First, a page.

Remembrance Day World Premiere

RD poster v 10Last weekend saw the world premiere of Michael Finnissy’s new piece Remembrance Day for baritone solo, choir and orchestra.  Students and staff from Southampton were joined by members of the London Sinfonietta and EXAUDI for the concert at Turner Sims.  Bassoonist Fiona Butterworth (year 2) tells us about her experience of performing the work: During the summer holidays I was approached by the music department to participate in ‘Remembrance Day’ and as a music student, the chance to perform alongside the composer and members of professional ensembles is not something you turn down. Usually my first step in learning new music is to listen to recordings, but with this being a world premiere there were of course none available, and I had to go about this particular project in a different way.

Fiona and fellow bassoonist Becky Carey in rehearsal

Rehearsals started along with lectures in October and as second bassoon, mine began with a woodwind sectional. Having read through my part before the first rehearsal, nothing seemed too technically difficult. However, once I had the opportunity to glance over the full score it was apparent that the woodwind had very exposed parts to deal with. Having the score available also meant that I had the chance to pencil in prominent entries – meaning I decreased my chances of getting lost during the rehearsals (and more importantly the concert). I personally found my part fairly easy to play; something that did challenge me, however, was fitting my part in with everyone else’s, being able to work out when to bounce off other instruments and when I potentially needed to completely ignore them. Interestingly, the most difficult parts of the piece for the bassoons were the sections where we played in unison. Our tuning became the most important thing to deal with (a well-known problem for bassoonists), most likely due to the exceptional tuning from our guests. Beckie and I worked on this and eventually perfected the sections, to the point where the whole orchestra applauded us for achieving this.

Composer Michael Finnissy taking the piano part in Remembrance Day
Composer Michael Finnissy taking the piano part in Remembrance Day

Michael Finnissy caused much laughter for the bassoons when we discovered the phrase “multiphonic screaming”, a direction where the exact harmonics he wanted audible had been prescribed for us. As a primarily orchestral bassoonist, this was the first time I had come across this instruction. Spending the time working out the fingerings for each multiphonic made the connection between my joint honours (Acoustical Engineering and Music) even more obvious, as the concept behind multiphonics relates the fingerings to the wavelengths of the sound.





After five weeks of rehearsals, concert weekend was upon us. This started early for us students, with an almost full rehearsal on Friday morning, and fortunately everything was making much more sense musically. Saturday began with orchestral rehearsals (taking extra care to be early) accompanied by members of the London Sinfonietta. The prospect of playing alongside professionals was both daunting and exciting but once the baton was down I began to relax into the piece. In the spotlight I expected a stricter approach to the rehearsals but everyone was extremely supportive and the advice was always encouraging. The bassoon section seemed to be gaining more attention, Beckie and I were even commended by the brass section (an achievement in itself). The choir, along with members of EXAUDI, joined us after lunch and the rehearsal continued. The evening was concluded with a public run-through, and it showed promising results from the hours spent rehearsing. Sunday’s rehearsals consisted of tidying up small sections and checking the balance between the orchestra and choir.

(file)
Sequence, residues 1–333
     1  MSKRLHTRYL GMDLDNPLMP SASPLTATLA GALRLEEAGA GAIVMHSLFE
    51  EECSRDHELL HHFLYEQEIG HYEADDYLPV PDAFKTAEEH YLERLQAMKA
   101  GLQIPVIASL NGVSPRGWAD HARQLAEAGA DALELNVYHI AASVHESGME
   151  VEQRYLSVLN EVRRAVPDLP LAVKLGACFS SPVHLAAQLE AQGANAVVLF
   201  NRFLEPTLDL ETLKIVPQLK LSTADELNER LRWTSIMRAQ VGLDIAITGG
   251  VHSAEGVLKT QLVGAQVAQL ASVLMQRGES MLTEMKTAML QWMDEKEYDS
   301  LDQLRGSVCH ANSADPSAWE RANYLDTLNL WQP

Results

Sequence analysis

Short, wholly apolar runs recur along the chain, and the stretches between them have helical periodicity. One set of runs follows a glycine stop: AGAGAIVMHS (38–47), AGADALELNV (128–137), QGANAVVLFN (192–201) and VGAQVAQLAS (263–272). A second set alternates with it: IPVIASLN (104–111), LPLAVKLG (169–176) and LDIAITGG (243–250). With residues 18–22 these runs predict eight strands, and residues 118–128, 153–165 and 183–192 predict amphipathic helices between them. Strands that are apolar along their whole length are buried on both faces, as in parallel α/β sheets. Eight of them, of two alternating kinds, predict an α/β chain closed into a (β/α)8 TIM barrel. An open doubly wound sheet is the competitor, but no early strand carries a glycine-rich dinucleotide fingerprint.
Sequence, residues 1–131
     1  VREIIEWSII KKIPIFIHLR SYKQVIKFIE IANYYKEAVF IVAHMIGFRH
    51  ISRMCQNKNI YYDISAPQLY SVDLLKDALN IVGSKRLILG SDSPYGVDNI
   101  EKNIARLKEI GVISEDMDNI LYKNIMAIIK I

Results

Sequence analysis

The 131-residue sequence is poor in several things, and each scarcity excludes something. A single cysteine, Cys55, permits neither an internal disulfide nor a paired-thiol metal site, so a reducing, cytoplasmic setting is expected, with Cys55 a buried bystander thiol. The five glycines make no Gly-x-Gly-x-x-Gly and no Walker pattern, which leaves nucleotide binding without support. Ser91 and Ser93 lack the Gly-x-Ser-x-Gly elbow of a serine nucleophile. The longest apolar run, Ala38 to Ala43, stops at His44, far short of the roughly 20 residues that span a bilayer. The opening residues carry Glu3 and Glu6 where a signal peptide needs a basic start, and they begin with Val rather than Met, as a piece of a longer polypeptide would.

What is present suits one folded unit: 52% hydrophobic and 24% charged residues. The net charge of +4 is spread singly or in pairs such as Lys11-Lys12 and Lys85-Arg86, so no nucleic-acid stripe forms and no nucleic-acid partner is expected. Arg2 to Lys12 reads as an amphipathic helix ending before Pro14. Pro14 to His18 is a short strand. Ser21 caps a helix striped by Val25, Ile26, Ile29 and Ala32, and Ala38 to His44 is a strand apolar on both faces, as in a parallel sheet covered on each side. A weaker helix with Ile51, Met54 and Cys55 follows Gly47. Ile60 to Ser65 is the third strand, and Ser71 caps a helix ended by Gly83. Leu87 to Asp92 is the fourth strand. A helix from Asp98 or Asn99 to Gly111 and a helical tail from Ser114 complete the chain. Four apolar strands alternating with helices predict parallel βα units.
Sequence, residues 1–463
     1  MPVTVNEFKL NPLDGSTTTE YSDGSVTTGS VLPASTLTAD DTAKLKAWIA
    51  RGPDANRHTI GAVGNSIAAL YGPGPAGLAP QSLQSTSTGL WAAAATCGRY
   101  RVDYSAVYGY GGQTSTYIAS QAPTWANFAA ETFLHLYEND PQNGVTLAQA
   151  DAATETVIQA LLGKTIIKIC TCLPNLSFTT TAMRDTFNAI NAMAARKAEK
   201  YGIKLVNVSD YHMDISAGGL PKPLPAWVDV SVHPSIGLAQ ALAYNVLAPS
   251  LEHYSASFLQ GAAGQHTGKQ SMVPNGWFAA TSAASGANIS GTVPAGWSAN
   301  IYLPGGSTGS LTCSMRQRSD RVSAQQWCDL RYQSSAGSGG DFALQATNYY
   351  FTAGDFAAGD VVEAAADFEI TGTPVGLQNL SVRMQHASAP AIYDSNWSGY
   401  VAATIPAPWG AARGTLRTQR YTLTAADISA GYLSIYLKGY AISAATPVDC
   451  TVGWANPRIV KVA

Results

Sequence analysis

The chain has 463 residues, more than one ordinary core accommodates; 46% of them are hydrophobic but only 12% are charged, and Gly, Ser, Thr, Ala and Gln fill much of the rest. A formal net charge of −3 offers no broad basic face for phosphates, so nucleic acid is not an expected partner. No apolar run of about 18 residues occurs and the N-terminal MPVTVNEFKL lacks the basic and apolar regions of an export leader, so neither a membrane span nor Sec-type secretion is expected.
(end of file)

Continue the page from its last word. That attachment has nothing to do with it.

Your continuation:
Lecturer in Composition Ben Oliver on the podium

The concert ran smoothly and the overall effect was amazing. Ben our conductor was able to hold the silence at the end of the piece for at least 20 seconds – an amazing feat when an audience is keen to show their appreciation.

‘Remembrance Day’ is so different to the music I usually play that it is hard to know how to respond to it. At times the music is so eerie that it has the ability to give you goosebumps. My favourite part of the piece was in part two, where the choir emerges from orchestral chords singing a choral motif. The sound was so sweet that it was easy to switch off and enjoy the music before it descended into the more intense textures. At the start of this project, I found it tough understanding the music as a whole, but now the process has finished I think I am more open to this type of composition. During the first rehearsals I found the music difficult to listen to and wondered if the audience would walk away humming any of the phrases although having now performed ‘Remembrance Day’, I do find myself singing various parts of the piece.

On behalf of the Hartley Sinfonia, I would like to congratulate everyone that took part in ‘Remembrance Day’, with particularly big thanks going to Michael Finnissy and Ben Oliver. It was a fantastic experience to perform a world premiere and the whole process is a massive achievement for the Music department.


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